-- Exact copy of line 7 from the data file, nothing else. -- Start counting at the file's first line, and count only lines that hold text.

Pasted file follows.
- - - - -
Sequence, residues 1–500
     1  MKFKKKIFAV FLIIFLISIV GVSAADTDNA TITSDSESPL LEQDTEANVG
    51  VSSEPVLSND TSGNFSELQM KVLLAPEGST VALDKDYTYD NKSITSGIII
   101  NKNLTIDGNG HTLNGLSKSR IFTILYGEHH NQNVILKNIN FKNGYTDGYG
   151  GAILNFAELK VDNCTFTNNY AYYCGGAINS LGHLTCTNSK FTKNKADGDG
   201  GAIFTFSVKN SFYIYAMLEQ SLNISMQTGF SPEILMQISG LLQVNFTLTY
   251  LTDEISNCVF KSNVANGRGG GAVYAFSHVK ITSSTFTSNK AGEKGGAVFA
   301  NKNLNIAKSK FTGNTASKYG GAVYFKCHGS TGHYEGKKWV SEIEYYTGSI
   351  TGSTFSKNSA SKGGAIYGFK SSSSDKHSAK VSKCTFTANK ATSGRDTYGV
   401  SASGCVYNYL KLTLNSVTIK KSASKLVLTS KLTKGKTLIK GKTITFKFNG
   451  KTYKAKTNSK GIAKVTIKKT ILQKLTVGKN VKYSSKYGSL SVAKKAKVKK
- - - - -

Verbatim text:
   251  LTDEISNCVF KSNVANGRGG GAVYAFSHVK ITSSTFTSNK AGEKGGAVFA